Working in the cancer area will further this effort because many cancer doctors and NCI cancer cooperative groups already have established advanced information systems. Investigators in these particular groups enter clinical information electronically, offering an example of how the system can speed up the clinical trial process and provide information more readily to drug developers and FDA reviewers. In addition to enhancing FDAs review process, electronic information from clinical trials will accelerate clinical research by allowing researchers to quickly obtain answers to questions about test treatments. Policy makers also expect these systems to provide useful information on drug benefits and risks for patient subgroups, including racial and ethnic minorities, women, children, seniors, and others.
A related FDA proposal for streamlining clinical research encourages researchers to share information with FDA on how genetic differences may cause patients to respond differently to therapies. FDA officials are aware that drug manufacturers are collecting a good deal of pharmacogenomic (PG) data, but are reluctant to submit it to the agency for fear it might raise red flags for the regulators.
A new guidance3 clarifies when sponsors should submit such data as part of the review process for new drugs or biologics. FDA also defines a separate pathway for providing research information apart from official submissions, to better inform regulators and the research community of new discoveries.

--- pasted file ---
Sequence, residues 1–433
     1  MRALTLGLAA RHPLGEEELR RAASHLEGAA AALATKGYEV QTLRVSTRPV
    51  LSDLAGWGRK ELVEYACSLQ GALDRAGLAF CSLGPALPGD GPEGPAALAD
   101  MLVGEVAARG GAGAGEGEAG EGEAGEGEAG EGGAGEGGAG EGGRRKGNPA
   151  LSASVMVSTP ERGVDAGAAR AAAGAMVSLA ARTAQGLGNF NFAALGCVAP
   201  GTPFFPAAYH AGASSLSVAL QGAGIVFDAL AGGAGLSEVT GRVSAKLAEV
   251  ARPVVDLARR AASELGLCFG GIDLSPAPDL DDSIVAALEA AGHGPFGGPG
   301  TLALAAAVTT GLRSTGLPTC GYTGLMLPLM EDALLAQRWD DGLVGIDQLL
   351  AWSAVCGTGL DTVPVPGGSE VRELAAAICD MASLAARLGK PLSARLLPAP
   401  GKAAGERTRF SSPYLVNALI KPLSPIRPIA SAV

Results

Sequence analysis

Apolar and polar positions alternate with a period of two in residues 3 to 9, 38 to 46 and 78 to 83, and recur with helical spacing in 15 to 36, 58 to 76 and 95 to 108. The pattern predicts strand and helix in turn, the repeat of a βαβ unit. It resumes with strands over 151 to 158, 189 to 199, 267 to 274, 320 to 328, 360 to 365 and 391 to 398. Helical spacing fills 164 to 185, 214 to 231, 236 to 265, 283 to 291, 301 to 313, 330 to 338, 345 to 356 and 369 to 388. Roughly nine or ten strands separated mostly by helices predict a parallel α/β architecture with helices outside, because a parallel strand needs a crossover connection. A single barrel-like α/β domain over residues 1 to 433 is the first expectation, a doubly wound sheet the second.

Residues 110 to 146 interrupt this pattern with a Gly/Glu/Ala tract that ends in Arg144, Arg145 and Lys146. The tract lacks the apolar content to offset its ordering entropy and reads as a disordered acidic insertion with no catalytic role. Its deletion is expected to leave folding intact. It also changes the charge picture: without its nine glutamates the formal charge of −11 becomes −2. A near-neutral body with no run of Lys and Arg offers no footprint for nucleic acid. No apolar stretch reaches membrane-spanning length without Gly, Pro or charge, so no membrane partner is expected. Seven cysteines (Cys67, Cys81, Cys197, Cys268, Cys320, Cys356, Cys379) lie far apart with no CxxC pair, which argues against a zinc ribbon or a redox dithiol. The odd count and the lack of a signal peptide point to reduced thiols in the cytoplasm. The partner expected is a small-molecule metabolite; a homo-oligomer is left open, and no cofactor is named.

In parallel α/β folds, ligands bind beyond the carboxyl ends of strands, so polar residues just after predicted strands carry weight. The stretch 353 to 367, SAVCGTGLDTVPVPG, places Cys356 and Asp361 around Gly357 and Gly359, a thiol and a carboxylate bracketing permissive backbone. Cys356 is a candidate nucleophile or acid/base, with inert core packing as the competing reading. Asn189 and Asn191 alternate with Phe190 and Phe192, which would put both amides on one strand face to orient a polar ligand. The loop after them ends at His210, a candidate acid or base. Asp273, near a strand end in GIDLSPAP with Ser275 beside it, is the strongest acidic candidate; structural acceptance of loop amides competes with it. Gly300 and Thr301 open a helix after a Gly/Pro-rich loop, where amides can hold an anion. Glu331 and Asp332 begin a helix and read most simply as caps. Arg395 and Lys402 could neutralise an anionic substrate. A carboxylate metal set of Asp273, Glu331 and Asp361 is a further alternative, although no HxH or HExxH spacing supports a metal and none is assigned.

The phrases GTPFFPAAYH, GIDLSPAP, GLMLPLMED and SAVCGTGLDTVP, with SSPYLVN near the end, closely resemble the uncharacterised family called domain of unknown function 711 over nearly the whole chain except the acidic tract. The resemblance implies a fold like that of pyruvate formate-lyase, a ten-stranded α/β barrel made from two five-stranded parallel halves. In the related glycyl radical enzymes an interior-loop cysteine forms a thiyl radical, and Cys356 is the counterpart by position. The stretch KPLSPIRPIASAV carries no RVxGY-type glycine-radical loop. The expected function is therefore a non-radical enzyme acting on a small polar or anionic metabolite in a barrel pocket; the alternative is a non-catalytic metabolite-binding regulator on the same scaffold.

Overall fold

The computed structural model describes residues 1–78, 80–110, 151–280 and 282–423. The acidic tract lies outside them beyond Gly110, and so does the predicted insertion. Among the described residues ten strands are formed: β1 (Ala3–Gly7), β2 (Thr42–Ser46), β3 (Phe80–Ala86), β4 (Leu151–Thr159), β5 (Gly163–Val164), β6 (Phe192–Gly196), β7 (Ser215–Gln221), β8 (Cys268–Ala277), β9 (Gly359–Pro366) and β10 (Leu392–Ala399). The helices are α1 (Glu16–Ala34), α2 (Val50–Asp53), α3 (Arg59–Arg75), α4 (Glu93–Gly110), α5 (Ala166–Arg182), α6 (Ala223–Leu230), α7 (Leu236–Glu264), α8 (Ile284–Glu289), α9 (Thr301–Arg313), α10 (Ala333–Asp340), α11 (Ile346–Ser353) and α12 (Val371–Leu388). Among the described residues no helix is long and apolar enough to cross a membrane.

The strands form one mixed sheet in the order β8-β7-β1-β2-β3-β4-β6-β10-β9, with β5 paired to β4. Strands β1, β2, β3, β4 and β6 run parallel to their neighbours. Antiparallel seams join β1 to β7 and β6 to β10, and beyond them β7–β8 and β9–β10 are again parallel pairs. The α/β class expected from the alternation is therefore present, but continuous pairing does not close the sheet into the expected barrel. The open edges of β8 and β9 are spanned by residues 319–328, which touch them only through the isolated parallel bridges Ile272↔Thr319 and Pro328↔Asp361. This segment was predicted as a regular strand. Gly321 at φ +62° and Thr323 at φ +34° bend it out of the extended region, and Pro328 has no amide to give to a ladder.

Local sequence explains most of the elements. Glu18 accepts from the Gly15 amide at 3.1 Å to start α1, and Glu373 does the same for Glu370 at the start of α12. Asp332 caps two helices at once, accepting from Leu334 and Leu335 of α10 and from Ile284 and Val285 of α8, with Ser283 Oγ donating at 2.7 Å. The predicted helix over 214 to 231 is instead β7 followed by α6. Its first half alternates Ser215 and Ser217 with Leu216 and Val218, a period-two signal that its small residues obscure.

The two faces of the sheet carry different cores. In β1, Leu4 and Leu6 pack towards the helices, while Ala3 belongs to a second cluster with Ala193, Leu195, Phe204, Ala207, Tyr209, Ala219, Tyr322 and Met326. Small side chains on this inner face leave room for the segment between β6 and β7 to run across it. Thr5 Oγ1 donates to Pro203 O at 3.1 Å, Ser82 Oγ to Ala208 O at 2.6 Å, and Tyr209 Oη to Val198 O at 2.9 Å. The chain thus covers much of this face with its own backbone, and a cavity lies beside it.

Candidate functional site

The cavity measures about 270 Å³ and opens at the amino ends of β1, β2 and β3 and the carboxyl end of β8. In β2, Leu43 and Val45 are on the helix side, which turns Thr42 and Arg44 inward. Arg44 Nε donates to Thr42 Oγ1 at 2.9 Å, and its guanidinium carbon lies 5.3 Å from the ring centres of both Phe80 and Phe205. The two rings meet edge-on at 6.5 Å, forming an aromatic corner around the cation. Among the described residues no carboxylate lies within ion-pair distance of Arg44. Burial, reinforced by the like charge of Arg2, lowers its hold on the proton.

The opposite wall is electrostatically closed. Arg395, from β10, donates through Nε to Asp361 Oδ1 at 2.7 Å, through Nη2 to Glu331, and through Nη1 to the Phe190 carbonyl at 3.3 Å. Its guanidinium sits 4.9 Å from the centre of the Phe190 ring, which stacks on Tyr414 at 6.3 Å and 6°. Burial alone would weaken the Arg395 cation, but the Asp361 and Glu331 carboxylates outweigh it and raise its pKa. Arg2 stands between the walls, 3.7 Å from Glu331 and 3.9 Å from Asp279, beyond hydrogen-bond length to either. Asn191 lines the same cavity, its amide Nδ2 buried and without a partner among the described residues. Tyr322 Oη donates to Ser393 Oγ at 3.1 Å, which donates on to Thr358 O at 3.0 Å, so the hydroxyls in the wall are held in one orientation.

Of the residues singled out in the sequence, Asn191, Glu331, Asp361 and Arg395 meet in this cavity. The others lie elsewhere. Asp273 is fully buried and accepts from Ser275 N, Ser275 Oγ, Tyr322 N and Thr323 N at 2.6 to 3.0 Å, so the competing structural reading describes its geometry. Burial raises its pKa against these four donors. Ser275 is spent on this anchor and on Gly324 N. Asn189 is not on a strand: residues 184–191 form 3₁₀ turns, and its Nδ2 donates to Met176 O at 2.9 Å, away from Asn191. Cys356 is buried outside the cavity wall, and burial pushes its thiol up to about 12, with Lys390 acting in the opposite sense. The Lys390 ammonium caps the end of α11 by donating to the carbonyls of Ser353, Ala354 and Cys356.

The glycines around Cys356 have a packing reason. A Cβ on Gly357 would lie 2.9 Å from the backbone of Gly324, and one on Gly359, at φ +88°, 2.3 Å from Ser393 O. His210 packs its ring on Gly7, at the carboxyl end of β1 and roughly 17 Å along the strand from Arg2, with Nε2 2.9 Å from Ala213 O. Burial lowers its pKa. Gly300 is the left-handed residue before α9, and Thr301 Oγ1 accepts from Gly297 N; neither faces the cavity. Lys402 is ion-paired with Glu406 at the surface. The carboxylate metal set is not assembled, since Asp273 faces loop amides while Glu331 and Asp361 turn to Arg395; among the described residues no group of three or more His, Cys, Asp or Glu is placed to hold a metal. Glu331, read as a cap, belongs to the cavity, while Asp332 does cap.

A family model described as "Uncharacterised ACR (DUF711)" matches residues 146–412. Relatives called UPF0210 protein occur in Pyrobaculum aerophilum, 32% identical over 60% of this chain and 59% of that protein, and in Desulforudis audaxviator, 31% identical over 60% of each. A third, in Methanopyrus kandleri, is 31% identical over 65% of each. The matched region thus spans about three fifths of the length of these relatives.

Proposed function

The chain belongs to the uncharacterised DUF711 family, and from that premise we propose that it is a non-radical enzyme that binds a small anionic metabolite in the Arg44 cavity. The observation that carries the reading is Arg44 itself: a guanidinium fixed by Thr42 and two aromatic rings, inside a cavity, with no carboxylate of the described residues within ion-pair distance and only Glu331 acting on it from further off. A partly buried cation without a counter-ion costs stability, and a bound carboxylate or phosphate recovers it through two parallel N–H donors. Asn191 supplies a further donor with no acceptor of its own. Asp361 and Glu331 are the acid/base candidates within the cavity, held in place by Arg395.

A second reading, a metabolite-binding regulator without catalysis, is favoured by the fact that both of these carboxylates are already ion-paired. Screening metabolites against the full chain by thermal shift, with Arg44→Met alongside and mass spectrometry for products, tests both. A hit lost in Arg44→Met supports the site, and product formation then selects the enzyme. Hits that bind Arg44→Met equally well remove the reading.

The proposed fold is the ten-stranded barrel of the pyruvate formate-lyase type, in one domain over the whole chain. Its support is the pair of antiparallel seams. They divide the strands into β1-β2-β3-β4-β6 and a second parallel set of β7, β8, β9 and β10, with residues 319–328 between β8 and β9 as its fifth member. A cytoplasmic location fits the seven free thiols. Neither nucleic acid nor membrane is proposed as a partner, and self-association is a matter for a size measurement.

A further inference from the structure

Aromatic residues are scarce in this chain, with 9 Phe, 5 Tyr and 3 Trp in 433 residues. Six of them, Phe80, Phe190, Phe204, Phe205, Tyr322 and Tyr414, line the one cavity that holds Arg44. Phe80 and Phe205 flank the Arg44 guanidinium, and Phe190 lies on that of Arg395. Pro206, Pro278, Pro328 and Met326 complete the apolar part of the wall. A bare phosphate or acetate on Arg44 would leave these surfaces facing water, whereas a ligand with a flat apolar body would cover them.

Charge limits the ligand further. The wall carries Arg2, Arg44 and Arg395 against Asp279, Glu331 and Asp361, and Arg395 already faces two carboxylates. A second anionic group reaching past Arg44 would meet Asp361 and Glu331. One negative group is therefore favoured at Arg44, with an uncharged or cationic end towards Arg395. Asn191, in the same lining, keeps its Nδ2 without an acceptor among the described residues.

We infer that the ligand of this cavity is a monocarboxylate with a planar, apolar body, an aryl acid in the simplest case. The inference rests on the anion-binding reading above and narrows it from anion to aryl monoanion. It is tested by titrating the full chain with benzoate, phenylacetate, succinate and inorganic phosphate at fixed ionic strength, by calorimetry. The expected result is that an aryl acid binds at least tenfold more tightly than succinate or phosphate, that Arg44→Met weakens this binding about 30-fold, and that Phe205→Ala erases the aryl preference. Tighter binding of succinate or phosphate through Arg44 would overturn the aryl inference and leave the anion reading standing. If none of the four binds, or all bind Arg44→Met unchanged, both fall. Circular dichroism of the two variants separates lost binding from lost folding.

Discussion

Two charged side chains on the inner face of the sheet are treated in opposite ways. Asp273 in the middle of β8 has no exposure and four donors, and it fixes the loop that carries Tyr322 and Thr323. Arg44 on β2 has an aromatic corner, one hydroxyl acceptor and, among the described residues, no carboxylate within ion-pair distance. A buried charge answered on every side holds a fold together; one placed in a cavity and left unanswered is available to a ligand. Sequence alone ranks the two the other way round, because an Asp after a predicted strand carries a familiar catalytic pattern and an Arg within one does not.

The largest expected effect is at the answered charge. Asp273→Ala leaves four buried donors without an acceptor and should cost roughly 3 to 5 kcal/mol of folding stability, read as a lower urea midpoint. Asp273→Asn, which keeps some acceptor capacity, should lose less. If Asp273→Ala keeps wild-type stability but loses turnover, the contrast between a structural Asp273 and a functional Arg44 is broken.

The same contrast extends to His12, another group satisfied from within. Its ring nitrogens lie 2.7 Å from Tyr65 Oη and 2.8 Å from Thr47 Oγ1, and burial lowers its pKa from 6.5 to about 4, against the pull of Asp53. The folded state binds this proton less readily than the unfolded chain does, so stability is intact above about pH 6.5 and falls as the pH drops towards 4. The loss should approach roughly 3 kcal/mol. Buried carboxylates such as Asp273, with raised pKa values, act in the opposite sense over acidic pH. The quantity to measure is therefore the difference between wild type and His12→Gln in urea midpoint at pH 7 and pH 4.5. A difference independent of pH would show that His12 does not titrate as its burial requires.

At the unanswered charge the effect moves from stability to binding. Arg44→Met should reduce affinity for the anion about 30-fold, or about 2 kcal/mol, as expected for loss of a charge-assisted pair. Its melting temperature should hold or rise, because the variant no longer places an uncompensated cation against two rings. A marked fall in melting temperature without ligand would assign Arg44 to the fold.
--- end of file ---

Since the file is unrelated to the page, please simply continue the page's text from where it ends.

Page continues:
The initiative involves using electronic information systems to analyze vast amounts of data that then can be made available to the medical community. FDA says it will combine PG information submitted electronically to camouflage the sponsor while generating useful information on when treatments are likely to be more effective or more safe for certain patients.
A related FDA initiative seeks to obtain more postmarket information on new drug use. Agency officials are expanding the current spontaneous adverse event reporting system and adopting innovative statistical methods to identify signals of drug safety problems more quickly. But because the voluntary reporting system is fairly limited, FDA also aims to establish broader active surveillance systems. These will be able to scan electronic medical records for signals that could indicate problems with new drugs. Eventually, hospitals and physicians will establish electronic medical records systems, and adverse event reporting will become automatic.